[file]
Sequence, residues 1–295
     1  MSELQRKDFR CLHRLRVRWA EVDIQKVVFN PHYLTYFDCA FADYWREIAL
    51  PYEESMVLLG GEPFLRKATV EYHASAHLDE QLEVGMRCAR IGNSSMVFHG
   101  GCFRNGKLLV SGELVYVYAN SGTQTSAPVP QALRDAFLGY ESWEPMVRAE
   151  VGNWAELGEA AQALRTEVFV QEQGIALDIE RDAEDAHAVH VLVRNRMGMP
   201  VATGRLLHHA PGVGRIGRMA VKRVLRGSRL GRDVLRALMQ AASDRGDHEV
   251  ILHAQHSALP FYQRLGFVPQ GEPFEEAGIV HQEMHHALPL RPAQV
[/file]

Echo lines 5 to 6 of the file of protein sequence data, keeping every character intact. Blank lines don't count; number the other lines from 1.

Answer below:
   151  VGNWAELGEA AQALRTEVFV QEQGIALDIE RDAEDAHAVH VLVRNRMGMP
   201  VATGRLLHHA PGVGRIGRMA VKRVLRGSRL GRDVLRALMQ AASDRGDHEV